Terps find lucky quarter(s)

September 28, 1998|By BOB PARASILITI

COLLEGE PARK, Md. - The University of Maryland had every chance to play for the future on Saturday.

But coach Ron Vanderlinden was happy to settle playing for the moment at hand.

Time certainly wasn't of the essence against Temple in a game between two struggling teams. But the Terps turned on enough defense to overshadow a still glaring question on offense to claim a 30-20 victory over the Owls before 27,047 fans at Byrd Stadium.

"I hated to lose the two games we did beween wins, but this was an important one for us," Vanderlinden said. "I'm pleased with win tonight. (Temple) was the test we had tonight, not the one that is before us now."

The next test is against No. 10 Florida State, which will never be confused with Temple (0-4). But the Terps (2-2) did what they needed to do to claim a win against a team of the Owls' caliber.


Defensively, Maryland held Temple to 208 yards of offense, including only 92 rushing to a team that was ranked seventh in the nation.

And offensively, Maryland was able to score 30 points without deciding on its No. 1 quarterback. Ken Mastrole and Randall Jones shared the duties, and were used when their talents were needed the most.

Mastrole engineered 24 points, while Jones managed to get the Terps into position for two field goals. Maryland piled up 380 yards of offense - the most by the Terps since 1996 - using the two-headed quarterback attack.

The duel behind center was overshadowed by tailback LaMont Jordan, who ran for a career-high 138 yards and two touchdowns.

"I thought LaMont ran the way he's accustomed to run," Vanderlinden said. "He ran hard inside. Kenny demonstrated he has perfected throwing the ball downfield. And Randall overall performed well. The offense did a nice job moving the ball effectively."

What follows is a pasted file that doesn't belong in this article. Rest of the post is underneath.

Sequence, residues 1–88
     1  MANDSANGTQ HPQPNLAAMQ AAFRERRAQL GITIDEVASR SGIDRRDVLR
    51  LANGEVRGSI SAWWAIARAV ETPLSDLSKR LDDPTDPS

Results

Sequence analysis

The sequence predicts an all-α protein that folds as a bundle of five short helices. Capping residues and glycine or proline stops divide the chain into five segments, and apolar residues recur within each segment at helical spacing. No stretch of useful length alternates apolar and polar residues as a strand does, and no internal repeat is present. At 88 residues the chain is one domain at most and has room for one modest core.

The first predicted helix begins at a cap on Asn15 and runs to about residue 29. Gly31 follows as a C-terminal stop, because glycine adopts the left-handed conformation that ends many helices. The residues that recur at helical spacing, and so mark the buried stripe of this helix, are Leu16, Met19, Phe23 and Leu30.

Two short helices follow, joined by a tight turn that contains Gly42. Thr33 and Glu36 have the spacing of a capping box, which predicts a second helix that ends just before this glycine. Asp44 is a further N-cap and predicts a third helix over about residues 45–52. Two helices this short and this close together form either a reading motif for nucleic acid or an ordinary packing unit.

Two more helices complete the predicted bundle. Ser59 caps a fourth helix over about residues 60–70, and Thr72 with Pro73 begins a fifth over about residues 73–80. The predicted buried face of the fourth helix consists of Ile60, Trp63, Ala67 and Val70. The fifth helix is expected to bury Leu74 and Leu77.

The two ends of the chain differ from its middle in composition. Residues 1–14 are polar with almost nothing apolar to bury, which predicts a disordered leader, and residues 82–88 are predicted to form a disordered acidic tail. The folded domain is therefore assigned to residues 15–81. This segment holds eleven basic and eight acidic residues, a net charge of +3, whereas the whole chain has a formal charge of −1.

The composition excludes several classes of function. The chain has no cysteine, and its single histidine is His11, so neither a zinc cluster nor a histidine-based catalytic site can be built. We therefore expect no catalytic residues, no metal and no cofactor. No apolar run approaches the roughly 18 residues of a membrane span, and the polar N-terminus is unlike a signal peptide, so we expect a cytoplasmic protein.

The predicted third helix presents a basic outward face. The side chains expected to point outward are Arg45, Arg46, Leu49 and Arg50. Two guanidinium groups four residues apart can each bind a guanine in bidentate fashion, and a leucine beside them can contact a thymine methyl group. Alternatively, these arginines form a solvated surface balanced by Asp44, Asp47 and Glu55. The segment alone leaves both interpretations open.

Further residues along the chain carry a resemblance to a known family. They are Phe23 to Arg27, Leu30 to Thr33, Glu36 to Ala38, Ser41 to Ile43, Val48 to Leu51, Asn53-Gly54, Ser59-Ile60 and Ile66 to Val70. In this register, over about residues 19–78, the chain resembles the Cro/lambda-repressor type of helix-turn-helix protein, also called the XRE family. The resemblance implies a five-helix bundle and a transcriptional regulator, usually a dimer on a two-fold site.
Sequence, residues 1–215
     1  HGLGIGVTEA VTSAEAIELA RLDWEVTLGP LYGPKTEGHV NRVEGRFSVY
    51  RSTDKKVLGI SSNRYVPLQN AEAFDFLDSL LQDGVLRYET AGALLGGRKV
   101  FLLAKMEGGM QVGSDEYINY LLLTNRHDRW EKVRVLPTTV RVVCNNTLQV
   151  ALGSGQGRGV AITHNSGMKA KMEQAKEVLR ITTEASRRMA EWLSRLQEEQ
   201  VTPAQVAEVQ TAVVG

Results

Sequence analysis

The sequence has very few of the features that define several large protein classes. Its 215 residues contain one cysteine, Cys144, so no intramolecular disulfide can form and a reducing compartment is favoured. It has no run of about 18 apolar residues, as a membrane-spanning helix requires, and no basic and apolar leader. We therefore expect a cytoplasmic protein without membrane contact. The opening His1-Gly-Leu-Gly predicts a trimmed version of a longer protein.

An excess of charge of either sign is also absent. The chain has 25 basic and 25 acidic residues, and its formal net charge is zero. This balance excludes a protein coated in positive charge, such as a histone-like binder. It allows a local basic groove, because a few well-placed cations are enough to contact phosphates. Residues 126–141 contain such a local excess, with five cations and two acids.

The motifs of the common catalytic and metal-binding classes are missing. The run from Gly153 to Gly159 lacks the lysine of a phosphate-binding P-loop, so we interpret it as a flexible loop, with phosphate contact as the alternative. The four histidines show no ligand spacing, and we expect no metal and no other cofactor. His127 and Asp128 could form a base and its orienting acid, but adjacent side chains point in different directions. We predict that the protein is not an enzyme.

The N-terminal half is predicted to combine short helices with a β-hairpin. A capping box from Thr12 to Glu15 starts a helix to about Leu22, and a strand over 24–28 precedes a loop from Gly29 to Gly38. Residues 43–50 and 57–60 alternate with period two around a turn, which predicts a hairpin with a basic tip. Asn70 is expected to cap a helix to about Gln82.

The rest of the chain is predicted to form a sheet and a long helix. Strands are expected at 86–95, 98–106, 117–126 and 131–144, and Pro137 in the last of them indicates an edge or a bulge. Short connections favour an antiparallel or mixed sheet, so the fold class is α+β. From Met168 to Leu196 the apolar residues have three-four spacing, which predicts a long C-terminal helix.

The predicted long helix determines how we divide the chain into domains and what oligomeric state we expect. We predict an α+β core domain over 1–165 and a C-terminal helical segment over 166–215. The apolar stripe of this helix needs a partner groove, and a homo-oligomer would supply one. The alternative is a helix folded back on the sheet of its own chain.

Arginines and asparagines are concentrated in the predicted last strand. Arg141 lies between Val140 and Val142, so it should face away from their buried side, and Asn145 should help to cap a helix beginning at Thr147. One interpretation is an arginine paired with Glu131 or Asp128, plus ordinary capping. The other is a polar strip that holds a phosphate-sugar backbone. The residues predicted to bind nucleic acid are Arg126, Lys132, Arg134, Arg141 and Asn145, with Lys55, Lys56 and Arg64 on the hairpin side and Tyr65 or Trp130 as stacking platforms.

It was the defense, though, that made effective good enough to win.

"I was very encouraged with the play of the defense," said Vanderlinden, who has two of his four wins at Maryland against Temple. "It was a shame that there were 20 points on the scoreboard."

Temple scored one touchdown on LaVar Talley's 10-yard fumble return and another off Maryland's second-team defense in the final two minutes to get within 10 points.

"Well, obviously we weren't a very good football team tonight," Temple coach Bobby Wallace said. "I really don't know exactly what to say, but I will say we struggled fiercely offensively. And defensively, we are not a good football team right now."

Temple's problems made Maryland's tag-team quarterbacking more effective. Mastrole shined in passing situations, while Jones showed the ability to run the Terps' option plays effectively.

"It was a big confidence builder for us," Mastrole said. "We scored 30 points. That puts us on another level after the way things went last week against West Virginia. The platooning with Randall helped me. The competition made me play harder, so when I had to opportunity, I tried to capitalize."

Mastrole, who hit on 7 of 13 passes for 104 yards, led Maryland to its first score, a seven-play, 65-yard drive capped by Jordan's 26-yard scoring run around right end. Jordan accounted for 50 yards on five carries in the drive.

Kicker Brian Kopka hit field goals of 23, 42 and 29 yards to help push the Terps to a 13-7 lead at the half and 16-7 with 4:39 left in the third quarter.

After Talley scored on the fumble to close to within 16-14, Maryland took over.

Jordan ran 27 yards for his second score and Mastrole hit Bruce James with a 38-yard TD pass on a third-and-7 play for a 30-14 lead.

Then it was time for Maryland to live for this moment.

"I'm happy to be 2-2, but I thought we would be in better position right now," Maryland linebacker Eric Barton said. "I don't care though, as long as we win."

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